Figure 1. Comparison between the DM day 0 and 180 groups. (A) Fasting blood glucose (mg/dL). (B) Fructosamine (mmol/L). (C) MDA (μM). (D) GSH/GSSG. (E) IL-6 (ng/μL). (F) IL-10 (ng/μL) (*statistically significant at P < 0.05).

All clinical blood parameters of the DM dogs did not significantly change (P > 0.05) at days 0, 45, 90, 135 and 180 after curcuminoid supplementation (Supplementary material A). The urinalysis results from day 0 to day 180 illustrated a negative ketone body (Supplementary material B). Additionally, there was no adverse effect of curcuminoids reported by the owners throughout the study period.

3.2. Proteomic profile

The proteins were separated by 1D-gel electrophoresis. Nano-LC-MS/MS was used to identify the digested peptides. One hundred and forty-four proteins from the plasma samples were identified using the UniProt database. The protein bands of the DM day 0 group in rows 4, 12 and 13 were generally distinct from those of the healthy and DM day 180 groups (Figure 2A). All of the proteins from the three groups (healthy, DM day 0 and DM day 180) were visualized by using a Venn diagram analysis. Thirty-five proteins (24.30%) were found in all three groups when 144 canine proteins were compared. Forty-eight proteins (33.33%) were identified intersecting between the DM day 0 and healthy groups and 42 proteins (29.17%) between the DM day 0 and 180 groups (Figure 2B).


Figure 2. Protein detection. (A) 1D-Gel electrophoresis with Coomassie blue R-250 staining. (B) Venn diagram (Canis lupus familiaris).

3.3. Expression of proteins

Comparative proteomic analysis was conducted to determine any alteration. Table 1 demonstrates that 28 proteins (8 up-regulated and 20 down-regulated) showed a differential expression in the plasma of the DM day 0 group, as compared to the healthy group. Table 2 shows that 25 proteins (13 up-regulated and 12 down-regulated) were differentially expressed in the plasma of the DM day 0 group, as compared to the DM day 180 group. The proteins with a differential expression in each of the two biological replicates with fold changes > 1.5 (up-regulated) and < 0.66 (down-regulated) were taken into consideration.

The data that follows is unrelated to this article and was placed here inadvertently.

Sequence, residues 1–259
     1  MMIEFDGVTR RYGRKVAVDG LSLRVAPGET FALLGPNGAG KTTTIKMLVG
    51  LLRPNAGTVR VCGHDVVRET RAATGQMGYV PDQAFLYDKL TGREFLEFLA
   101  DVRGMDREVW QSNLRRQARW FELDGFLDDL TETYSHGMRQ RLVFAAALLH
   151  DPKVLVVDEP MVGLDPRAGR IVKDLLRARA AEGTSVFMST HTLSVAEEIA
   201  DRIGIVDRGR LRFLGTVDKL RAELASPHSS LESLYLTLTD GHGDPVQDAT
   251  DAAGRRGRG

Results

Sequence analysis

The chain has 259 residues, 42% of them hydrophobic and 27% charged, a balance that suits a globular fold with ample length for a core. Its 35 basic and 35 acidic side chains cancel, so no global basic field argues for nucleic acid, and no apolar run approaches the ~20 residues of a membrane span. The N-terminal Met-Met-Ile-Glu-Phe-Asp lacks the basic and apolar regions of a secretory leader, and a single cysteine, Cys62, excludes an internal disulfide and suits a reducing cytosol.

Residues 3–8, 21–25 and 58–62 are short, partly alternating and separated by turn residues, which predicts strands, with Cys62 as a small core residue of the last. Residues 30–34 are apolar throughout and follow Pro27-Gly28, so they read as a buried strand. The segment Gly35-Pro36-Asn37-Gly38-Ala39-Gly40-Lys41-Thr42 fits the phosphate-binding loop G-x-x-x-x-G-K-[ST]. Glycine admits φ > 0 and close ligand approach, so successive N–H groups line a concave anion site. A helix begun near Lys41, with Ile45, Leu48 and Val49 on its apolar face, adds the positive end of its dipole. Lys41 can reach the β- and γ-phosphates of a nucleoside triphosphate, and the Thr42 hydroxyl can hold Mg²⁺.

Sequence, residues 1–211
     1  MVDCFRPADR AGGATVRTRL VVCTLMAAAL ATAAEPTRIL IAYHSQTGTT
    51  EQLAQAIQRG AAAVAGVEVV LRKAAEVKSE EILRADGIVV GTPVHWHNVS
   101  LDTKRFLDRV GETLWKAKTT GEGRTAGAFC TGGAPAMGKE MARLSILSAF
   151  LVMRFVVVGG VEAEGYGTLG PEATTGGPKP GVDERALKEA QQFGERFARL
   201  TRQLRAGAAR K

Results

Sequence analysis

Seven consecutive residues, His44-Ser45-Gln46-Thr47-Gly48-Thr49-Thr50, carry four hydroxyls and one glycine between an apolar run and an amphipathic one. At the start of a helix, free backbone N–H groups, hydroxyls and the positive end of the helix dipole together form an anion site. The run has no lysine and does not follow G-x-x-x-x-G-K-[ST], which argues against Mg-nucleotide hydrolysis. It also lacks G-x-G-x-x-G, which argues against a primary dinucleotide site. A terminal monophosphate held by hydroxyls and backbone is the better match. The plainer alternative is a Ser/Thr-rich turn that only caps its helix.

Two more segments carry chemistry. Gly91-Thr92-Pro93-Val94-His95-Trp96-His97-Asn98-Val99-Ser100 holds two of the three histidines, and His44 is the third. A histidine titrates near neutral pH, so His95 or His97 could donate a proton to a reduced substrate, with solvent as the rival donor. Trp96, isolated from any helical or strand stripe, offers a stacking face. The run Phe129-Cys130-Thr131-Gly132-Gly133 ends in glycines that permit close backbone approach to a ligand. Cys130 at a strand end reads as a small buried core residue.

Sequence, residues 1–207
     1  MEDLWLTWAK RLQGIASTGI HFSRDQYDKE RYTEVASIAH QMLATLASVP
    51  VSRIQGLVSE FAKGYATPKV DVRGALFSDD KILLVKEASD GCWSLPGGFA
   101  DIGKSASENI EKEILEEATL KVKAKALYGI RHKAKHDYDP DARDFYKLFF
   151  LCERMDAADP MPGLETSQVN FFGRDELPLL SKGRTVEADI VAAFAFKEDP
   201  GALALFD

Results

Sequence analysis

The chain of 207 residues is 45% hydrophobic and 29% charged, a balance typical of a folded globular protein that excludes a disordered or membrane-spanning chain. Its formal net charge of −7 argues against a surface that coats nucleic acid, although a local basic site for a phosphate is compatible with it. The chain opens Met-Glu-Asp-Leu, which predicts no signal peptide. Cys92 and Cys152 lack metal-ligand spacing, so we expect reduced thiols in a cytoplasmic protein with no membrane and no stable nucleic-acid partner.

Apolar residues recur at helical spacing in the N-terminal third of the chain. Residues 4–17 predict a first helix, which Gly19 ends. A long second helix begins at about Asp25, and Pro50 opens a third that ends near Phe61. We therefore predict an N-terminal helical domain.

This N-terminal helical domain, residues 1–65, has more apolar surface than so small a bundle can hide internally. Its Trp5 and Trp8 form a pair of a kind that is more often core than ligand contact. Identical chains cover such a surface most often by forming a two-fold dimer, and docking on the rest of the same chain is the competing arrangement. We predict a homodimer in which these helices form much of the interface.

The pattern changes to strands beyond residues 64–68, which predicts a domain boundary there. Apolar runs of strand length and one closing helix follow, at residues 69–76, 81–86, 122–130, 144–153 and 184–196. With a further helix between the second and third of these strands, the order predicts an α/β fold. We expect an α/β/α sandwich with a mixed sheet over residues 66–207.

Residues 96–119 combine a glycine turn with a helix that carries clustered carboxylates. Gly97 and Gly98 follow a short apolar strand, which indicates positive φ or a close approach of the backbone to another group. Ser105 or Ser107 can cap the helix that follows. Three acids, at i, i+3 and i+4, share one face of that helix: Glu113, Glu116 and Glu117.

Table 1. Comparison of the protein fold change between the DM day 0 and healthy groups.


Table 2. Comparison of the protein fold change between the DM day 180 and DM day 0 groups.

3.4. Gene ontology

A GO analysis of molecular function by PANTHER (Figure 3) revealed the proteins are engaged in binding (41.7%), catalytic (25.0%), structural molecular (16.7%) and molecular function regulator (16.7%) activities. The proteins in the biological processes were engaged in cellular processes (19.1%), metabolic processes (17.0%), biological regulation (14.9%), response to stimulus (10.6%) and other processes. Moreover, the primary cellular component was a cellular anatomical entity (75.0%).


Figure 3. Gene ontology of the molecular function, cellular component and biological process categories for proteins' differential expression in the DM day 0 group, as compared to other groups.

3.5. Pathway enrichment analyses of proteins

To demonstrate the evidence of protein–protein interaction by the STRING programme, 22 protein alterations of the DM day 0 group compared with the healthy group were expanded. The coagulation cascade and complement to cholesterol metabolism are the two main proteins involved (Figure 4A). In a network of drug–protein interaction by the STITCH programme, the edge confidence scores were used to determine how strong these pathway linkages were at the functional level. Thick lines are used to depict interactions with high-edge confidence scores (> 0.700). Transthyretin (TTR) was found to have a relationship with curcumin and a strong relationship with apolipoproteins (Figure 4B).